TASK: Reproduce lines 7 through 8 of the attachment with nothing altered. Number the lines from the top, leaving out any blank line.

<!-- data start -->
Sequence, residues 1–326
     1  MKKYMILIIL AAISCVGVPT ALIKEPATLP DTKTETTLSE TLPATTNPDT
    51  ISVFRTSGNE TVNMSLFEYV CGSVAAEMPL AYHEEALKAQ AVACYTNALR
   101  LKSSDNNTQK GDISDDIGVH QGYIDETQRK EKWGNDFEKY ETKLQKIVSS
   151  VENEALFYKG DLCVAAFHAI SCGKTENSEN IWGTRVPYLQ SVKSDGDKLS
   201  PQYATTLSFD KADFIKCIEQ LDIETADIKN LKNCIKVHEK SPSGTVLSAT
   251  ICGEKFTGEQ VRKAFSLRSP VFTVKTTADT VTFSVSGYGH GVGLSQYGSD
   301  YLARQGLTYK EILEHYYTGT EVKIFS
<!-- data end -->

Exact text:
   251  ICGEKFTGEQ VRKAFSLRSP VFTVKTTADT VTFSVSGYGH GVGLSQYGSD
   301  YLARQGLTYK EILEHYYTGT EVKIFS